5. “Golden Hour” – Kacey Musgraves
Picking up where Taylor Swift left off with her album “Red,” Kacey Musgraves continues to break new ground in expanding country music’s borders by adding touches of psychedelia. Resulting in multiple Grammy wins, including “Album of the Year” and “Country Album,” “Golden Hour” puts Musgraves’ talents on full display. “Golden Hour” is carefully built, structured around immaculate production and impeccable, yet emotional songwriting. Lyrically, Musgraves takes more adventurous risks with broader themes that retain her classic attention to small details, making for a universal theme that applies to everyone while still remaining tailored specifically for the listener. “Golden Hour” shines a light on the county music outsider that is Musgraves, and proves that she was worth that “Album of the Year” win.

6. “Melodrama” – Lorde
After captivating audiences with her debut album “Pure Heroine,” Lorde proved she was not some one-hit wonder, and that she had much more to offer with 2017’s “Melodrama.” Reeling from lessons learned during her teenage years and her transition into adulthood, Lorde delivers her most cohesive and explorative album to date. Inspired by a house party, “Melodrama” will keep you busy exploring its content long after the last drink has been drunk and the music stops playing. Superbly written by Lorde and Jack Antonoff, “Melodrama” is more than a coming of age album. It is an album packed with layers of truth, wit and introspection, all bundled together by its rich and diverse production. “Melodrama” is a true masterpiece from one of pop music’s brightest young stars.

7. “The ArchAndroid” – Janelle Monae
Very few debut albums have made such a lasting impact, both culturally and musically, as R&B singer Janelle Monae’s debut album “The ArchAndroid.” Across the album, Monae ventures into new sonic territories combining rock, soul, big band and R&B together to form a fusion hybrid that takes the best works of both Prince and Michael Jackson and pairs them with Chuck Berry’s rocking flare. By distancing herself from a particular sound, Moane seems to discover one all her own. As “The ArchAndroid” progresses, so does the iconography that paint the picture of universal sentiments framed by Monae’s specific lyrical concepts. With statements that are both audacious and ambitious, Monae crafted one of the best debut albums to come out this decade.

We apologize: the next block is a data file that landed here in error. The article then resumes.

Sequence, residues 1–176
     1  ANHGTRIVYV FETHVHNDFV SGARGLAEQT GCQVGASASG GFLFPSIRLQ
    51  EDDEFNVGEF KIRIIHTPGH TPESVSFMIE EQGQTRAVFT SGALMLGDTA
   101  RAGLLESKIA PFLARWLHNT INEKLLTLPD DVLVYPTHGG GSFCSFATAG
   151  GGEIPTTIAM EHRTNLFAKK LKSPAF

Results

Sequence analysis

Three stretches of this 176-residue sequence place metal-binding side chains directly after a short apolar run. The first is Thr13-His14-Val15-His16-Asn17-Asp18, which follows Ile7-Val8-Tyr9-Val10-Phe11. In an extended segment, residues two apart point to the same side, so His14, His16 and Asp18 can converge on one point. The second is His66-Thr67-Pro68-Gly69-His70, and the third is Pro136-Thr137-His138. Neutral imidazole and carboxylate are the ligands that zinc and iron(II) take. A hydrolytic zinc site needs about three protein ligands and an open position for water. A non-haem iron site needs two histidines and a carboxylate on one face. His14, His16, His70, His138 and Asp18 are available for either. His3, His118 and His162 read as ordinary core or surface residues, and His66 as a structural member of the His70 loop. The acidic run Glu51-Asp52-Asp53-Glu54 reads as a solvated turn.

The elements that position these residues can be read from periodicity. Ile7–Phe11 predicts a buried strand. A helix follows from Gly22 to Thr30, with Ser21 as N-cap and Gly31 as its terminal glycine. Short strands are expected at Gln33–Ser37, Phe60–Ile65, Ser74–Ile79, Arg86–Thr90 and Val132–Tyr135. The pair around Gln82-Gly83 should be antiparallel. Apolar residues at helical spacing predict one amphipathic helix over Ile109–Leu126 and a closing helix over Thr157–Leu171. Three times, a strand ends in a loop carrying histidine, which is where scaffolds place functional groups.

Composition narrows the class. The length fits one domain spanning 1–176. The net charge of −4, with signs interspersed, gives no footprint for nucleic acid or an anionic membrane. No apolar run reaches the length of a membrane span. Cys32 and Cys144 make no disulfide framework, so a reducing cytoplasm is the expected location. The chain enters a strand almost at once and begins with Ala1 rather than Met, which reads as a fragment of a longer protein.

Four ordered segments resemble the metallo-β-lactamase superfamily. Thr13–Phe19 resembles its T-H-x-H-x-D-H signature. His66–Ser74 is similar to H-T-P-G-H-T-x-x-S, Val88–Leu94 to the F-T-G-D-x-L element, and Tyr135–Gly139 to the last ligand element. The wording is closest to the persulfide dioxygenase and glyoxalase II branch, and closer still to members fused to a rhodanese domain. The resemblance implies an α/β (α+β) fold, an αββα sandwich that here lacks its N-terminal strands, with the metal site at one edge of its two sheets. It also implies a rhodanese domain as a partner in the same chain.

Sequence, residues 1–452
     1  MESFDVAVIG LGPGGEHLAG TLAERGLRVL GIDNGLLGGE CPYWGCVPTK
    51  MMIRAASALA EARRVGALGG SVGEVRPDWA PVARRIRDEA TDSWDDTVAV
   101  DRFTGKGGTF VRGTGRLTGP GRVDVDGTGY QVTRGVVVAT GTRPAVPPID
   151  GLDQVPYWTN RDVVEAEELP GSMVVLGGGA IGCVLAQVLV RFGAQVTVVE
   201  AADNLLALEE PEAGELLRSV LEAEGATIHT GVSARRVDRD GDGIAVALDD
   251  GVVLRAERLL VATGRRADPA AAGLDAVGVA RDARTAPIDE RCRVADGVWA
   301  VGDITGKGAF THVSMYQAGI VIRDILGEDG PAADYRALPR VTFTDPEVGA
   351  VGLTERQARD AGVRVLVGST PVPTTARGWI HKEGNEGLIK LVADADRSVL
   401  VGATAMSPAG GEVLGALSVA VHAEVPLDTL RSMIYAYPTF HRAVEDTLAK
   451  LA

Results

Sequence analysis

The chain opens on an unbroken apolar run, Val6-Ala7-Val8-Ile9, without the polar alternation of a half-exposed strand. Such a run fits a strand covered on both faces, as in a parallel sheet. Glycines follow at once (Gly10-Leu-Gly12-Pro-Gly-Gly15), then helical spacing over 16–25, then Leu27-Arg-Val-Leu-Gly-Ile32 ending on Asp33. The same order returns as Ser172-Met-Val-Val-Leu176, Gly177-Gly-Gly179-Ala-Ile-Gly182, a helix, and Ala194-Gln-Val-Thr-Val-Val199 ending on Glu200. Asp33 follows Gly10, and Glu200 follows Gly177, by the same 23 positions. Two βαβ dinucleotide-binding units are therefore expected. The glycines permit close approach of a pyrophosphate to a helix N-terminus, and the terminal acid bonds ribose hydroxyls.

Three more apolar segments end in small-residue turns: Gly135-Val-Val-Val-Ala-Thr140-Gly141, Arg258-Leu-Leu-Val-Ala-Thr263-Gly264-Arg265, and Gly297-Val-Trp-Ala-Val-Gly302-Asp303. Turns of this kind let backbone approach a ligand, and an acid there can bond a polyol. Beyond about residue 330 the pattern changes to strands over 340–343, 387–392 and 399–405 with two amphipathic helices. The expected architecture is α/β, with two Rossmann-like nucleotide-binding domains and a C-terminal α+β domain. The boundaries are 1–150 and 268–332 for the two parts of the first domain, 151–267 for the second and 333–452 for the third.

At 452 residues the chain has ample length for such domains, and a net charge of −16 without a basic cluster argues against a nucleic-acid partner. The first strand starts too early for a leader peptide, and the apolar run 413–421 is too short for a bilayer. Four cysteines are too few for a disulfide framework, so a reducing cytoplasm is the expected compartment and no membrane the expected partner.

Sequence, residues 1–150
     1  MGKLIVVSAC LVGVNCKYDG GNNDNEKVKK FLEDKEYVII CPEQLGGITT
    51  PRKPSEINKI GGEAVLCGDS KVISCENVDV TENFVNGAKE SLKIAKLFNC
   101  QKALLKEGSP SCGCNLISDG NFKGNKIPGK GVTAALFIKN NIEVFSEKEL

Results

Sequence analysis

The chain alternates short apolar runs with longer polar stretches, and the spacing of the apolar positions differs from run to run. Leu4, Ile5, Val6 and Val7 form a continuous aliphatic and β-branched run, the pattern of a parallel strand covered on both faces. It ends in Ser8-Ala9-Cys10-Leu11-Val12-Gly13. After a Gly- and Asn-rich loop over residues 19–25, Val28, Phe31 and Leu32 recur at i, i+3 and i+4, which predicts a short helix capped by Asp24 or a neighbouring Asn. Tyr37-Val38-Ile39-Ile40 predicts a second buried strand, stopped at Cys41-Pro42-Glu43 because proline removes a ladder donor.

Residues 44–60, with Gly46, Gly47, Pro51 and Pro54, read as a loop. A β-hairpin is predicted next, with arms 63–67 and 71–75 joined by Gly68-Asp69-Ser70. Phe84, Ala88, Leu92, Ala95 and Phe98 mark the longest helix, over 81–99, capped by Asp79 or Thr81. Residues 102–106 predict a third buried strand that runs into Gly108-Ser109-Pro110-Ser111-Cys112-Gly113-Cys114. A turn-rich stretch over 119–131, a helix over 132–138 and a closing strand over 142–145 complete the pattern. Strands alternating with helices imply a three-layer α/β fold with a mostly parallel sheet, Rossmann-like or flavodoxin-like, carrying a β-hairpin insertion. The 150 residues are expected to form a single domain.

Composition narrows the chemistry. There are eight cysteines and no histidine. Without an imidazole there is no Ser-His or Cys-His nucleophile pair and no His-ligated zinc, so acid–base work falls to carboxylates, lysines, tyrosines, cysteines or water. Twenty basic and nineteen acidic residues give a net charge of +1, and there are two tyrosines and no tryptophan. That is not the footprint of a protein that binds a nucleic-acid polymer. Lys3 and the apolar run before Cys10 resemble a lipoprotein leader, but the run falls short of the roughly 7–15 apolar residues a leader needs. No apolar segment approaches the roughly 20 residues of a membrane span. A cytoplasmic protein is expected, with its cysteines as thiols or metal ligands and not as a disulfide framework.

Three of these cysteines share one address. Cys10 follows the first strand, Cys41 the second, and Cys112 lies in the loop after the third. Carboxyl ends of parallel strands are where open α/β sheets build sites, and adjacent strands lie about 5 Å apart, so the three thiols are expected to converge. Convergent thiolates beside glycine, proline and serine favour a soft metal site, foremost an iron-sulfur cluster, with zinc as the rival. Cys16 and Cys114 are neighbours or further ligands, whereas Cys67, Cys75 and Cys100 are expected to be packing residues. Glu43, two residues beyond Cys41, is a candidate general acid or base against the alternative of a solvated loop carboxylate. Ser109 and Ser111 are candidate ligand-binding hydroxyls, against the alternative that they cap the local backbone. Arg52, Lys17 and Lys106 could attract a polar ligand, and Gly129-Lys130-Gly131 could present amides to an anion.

8. “Glory Days” – Little Mix
Overshadowed by their United States counterparts Fifth Harmony, Little Mix has been churning out quality pop anthems for the better part of the last decade. However, their greatest achievement remains their 2016 album “Glory Days.” It is the group’s most personal and ambitious record to date. Yet it still retains the big hooks that the group is known for, all balanced by elements of pop, tropical and R&B production. Often compared to the Spice Girls, Little Mix differentiate themselves from their predecessors by retaining stronger vocal abilities and naturally charismatic vocals. “Glory Days” sees Perrie Edwards, Jesy Nelson, Leigh-Anne Pinnock and Jade Thirlwall come together to create pure pop perfection that was set to dominate the charts all across the globe. While the album is not as experimental as others, it perfectly plays into the niche that the girl group has carved out for themselves. After two years and one more album release, this record still stands as Little Mix’s “Glory Days.”

9. “Traveler” – Chris Stapleton
Before his pairing with Justin Timberlake at the 2015 Country Music Association Awards and spurring national interest in his music, Chris Stapleton released one of country music’s decade defining albums. “Traveler” is country music at its purest, from songs that tell a story to pedal steel based production. Stapleton’s time as a songwriter for others has allowed him to create nuanced characters that are rooted in loss, ruin and resignation with relative ease. Many of the characters are highlighted by Stapleton’s gravely, soulful voice, which gives the songs another layer of depth that does not remain understated. Every track retains a level of emotional authenticity that goes straight for the juggler. A brilliant debut, “Traveler” cements Stapleton’s place as a future country music legend.